According to the American Cancer Society, colon cancer is one of the five most common types of cancer, but thanks in large part to increased awareness about the importance of colonoscopy, the death rate from colorectal cancer has been steadily declining. Typically, colon cancer has no symptoms. Screening is the only way to detect anomalies, including finding and removing polyps before they become cancerous. The purpose of a colonoscopy is to detect early cancers or polyps in the colon (large intestine) and rectum. A polyp is a tiny growth on the inside of the colon. They are usually benign, but sometimes they can become cancerous, which is why adults over age 50 should be tested. It’s a common procedure, yet it seems that everyone wonders what to expect during a colonoscopy.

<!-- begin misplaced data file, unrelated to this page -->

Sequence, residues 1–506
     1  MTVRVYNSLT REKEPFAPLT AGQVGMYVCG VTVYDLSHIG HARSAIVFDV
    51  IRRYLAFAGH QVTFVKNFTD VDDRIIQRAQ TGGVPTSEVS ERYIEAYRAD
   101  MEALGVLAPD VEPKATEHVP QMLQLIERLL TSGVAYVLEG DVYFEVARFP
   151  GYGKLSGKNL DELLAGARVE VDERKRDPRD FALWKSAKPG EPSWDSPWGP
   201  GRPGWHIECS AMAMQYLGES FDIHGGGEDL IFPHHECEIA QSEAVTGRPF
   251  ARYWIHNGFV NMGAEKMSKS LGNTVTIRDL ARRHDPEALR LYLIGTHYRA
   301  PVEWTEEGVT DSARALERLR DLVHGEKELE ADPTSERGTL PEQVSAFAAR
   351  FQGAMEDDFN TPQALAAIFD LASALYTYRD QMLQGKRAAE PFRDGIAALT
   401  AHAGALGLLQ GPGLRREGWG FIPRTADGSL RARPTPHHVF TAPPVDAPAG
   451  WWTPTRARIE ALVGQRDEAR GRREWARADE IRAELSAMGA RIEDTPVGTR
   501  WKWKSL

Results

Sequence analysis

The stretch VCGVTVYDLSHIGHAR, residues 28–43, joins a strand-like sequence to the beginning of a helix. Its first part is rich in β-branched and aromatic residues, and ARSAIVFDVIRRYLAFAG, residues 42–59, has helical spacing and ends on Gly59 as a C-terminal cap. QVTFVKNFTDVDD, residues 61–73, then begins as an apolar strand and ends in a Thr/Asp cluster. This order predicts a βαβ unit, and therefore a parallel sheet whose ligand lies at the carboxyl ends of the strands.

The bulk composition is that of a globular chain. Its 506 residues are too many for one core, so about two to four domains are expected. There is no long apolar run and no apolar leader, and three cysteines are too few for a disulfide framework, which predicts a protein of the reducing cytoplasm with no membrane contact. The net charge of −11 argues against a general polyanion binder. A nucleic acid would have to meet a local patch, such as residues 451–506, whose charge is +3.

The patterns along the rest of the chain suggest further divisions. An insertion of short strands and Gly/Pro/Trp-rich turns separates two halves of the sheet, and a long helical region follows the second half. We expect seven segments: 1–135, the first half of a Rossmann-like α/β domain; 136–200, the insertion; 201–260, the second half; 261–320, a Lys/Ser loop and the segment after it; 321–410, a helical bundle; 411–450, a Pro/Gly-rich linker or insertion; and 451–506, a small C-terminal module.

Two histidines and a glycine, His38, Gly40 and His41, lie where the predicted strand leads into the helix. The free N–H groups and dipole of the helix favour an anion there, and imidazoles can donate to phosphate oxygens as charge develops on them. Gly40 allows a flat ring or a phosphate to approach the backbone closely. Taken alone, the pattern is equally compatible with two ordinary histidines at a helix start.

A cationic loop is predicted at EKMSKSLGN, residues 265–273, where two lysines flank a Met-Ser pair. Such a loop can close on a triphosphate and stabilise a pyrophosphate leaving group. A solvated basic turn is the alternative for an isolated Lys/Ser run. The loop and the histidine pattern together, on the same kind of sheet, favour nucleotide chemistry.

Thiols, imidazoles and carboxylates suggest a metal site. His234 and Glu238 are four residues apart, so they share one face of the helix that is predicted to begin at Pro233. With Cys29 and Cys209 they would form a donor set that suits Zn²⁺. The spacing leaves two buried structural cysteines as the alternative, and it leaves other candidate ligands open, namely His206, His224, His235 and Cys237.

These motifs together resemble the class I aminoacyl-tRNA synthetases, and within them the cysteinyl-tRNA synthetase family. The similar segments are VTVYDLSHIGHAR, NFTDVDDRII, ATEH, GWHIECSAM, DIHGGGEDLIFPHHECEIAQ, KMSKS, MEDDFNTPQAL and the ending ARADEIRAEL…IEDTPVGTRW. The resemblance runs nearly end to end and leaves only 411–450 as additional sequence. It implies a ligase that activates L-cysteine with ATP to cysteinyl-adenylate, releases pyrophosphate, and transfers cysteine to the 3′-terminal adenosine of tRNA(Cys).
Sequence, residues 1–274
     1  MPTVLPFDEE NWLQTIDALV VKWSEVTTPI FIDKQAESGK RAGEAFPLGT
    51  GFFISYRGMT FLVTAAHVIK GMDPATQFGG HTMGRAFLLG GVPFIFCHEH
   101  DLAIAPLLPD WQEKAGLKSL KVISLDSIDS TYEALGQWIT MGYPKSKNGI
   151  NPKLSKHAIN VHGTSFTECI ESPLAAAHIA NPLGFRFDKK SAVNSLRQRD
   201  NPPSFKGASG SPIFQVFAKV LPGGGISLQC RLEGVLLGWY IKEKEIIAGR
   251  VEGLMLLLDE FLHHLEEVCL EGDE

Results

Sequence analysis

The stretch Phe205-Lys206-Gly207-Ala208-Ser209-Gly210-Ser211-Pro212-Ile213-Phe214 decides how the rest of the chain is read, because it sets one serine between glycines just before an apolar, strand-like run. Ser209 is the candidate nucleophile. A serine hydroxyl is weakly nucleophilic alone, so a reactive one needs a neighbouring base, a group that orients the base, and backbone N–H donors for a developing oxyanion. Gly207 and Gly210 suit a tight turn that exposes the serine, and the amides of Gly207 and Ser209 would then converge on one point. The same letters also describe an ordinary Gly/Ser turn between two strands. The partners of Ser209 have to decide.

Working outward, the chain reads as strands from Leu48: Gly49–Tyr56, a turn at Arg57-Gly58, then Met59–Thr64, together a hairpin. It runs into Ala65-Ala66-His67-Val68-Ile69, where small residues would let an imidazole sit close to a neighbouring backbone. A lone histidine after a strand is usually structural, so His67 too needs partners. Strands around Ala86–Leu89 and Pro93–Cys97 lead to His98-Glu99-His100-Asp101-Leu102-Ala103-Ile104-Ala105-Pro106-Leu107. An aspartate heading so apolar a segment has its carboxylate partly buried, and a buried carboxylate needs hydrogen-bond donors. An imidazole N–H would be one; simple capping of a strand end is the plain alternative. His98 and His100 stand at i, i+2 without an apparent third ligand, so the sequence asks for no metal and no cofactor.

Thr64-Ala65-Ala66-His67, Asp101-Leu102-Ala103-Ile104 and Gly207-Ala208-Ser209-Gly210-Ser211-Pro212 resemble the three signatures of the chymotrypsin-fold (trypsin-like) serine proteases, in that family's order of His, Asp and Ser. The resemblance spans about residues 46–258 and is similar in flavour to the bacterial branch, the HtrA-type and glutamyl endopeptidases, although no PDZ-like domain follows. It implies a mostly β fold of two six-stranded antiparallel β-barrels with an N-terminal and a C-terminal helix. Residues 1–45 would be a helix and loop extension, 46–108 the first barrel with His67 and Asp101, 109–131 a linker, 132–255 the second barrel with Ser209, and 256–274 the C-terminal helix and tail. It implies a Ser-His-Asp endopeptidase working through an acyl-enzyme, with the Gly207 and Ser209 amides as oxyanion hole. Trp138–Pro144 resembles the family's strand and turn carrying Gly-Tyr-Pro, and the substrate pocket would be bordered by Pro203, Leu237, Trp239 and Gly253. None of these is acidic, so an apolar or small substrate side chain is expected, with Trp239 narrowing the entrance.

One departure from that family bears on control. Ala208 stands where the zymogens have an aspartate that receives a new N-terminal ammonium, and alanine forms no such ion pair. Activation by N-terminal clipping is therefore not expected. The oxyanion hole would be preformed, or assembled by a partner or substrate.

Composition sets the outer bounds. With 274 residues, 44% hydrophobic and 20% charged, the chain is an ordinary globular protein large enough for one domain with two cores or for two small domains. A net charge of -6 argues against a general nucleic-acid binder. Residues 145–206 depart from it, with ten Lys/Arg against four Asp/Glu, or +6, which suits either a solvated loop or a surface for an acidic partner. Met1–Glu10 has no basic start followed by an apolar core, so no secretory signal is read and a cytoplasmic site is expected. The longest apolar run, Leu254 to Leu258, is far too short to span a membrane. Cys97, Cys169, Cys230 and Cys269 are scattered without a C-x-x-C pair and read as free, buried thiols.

The Centers for Disease Control and Prevention says up to 60 percent of deaths from colon cancer could be avoided if every 50+ aged individual was screened on a regular basis. If you are in the “average risk” group, you should be tested every 10 years. If you are at higher risk, your doctor may recommend getting your first colonoscopy at an earlier age and/or repeating the exam more often. Higher risk is generally associated with family or personal history with colorectal cancer or chronic inflammatory bowel disease.